My guild meeting on Saturday was a discussion about the design process, and I came away with lots of ideas for my book. Â Now that I’m scratching beneath the surface, I’m finding that there are a HUGE number of parallels between software development processes and craft process (at least, the way I do it!). Â So my new outline for the “Managing a large project” section looks like this:
- Project design
- Intended use
- Tools for refining vision
- Prototypes/samples are experiments!
- Designing your prototype
- Building your prototype
- Assessing your prototype
- Engineering: translating your vision into something that can be built
- Constructing your vision
- Planning construction
- Managing risks
- Project retrospectives
Software development process geeks will notice that this is a crossbreed between Agile and waterfall software development techniques. Â On the outline it looks pretty waterfall-y, but the prototyping I’m envisioning happens throughout the project, not just in the prototyping section, so it’s a bit more Agile than it sounds.
I will, of course, write all this up in a more crafter-friendly manner (very few crafters are software development process geeks), but it’s interesting to see how the bones of the process look a lot like software process bones. Â I guess that’s not surprising; there are a limited number of ways to design and construct things, so it’s not too surprising that it should come out this way.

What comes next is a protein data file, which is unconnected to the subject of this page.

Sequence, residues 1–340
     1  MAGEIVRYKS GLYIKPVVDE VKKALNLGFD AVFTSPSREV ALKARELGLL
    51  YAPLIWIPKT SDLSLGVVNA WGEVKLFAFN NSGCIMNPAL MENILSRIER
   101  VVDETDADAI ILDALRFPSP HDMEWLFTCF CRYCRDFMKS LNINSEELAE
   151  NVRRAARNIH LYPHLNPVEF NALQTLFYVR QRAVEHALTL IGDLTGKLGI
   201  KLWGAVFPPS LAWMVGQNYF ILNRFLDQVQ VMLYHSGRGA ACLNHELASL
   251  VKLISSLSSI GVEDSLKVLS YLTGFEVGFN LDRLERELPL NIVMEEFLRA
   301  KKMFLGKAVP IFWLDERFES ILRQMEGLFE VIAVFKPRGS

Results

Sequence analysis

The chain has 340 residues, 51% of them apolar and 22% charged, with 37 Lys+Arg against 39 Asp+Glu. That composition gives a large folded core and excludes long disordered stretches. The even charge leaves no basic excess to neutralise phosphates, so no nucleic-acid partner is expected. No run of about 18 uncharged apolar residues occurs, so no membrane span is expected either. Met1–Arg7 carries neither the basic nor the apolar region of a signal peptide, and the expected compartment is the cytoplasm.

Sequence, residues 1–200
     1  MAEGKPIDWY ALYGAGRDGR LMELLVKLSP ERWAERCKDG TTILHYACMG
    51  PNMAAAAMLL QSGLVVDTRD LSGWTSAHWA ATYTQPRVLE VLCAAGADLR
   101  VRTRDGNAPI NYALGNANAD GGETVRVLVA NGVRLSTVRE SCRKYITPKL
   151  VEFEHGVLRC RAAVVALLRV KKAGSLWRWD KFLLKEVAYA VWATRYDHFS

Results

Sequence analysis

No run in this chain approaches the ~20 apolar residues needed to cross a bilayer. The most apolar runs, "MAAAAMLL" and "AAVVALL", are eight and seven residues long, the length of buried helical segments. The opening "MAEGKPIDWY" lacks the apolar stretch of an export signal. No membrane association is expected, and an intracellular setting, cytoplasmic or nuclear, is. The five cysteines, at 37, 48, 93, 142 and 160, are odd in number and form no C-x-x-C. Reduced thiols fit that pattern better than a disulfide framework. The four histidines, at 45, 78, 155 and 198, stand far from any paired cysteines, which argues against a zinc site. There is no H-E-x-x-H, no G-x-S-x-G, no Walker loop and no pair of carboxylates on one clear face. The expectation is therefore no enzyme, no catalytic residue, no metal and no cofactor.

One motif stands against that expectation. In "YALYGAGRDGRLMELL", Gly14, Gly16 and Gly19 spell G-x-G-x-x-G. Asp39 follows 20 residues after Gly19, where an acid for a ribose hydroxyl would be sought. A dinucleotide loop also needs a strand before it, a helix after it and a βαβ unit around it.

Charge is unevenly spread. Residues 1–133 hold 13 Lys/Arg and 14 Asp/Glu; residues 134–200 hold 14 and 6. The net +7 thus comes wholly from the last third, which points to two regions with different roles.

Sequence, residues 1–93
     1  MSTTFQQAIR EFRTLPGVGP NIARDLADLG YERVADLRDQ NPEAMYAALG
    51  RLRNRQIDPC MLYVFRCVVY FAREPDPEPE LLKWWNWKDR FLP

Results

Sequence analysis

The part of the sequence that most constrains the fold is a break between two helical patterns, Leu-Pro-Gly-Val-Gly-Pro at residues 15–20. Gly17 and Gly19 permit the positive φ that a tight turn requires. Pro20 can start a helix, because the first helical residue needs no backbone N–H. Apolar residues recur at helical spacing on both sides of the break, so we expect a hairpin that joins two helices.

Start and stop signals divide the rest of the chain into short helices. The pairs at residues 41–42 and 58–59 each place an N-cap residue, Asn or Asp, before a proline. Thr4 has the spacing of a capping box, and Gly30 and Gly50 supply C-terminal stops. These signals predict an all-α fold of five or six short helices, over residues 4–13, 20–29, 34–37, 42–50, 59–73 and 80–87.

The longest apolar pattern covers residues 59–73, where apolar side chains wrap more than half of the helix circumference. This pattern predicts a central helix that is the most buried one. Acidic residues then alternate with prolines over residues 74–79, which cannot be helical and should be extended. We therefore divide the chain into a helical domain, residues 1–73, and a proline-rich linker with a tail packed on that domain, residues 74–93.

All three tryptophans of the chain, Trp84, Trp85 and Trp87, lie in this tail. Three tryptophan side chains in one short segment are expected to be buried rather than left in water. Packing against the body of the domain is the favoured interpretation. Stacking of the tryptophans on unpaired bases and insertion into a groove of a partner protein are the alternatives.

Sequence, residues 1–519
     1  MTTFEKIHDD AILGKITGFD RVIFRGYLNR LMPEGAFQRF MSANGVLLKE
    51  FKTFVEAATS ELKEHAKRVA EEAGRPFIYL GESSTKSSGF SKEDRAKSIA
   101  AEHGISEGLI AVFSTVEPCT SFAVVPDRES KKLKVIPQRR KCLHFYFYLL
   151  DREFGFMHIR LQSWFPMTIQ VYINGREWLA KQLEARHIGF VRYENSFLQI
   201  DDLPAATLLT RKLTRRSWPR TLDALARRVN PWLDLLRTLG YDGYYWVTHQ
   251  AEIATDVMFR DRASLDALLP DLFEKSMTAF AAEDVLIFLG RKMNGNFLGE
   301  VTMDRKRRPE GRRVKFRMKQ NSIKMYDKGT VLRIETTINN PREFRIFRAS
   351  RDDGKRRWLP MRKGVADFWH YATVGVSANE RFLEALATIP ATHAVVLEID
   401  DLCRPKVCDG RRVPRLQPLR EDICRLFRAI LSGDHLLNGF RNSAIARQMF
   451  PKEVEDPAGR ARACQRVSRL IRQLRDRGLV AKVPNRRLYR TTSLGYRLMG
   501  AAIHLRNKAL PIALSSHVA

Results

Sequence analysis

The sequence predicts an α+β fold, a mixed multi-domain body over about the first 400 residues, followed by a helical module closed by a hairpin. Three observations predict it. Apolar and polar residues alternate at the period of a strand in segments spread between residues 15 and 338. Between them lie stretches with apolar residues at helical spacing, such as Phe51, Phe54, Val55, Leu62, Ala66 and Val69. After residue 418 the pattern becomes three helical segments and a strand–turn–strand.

One difference between craft projects and software projects, though, is that craft projects can start at different points in the process – for example, some people start with a yarn and say “What can I do with this?”, others just weave a fabric and see what they want to do with it later. Â Software projects are designed for efficiency, and therefore follow a fairly linear model (with feedback loops); craft projects aren’t necessarily about efficiency, so can follow a more meandering path. Â One thing I need to keep in mind for the book is that not everyone follows the same path, so it’s important to acknowledge and write for different styles of craft creation, not just my own.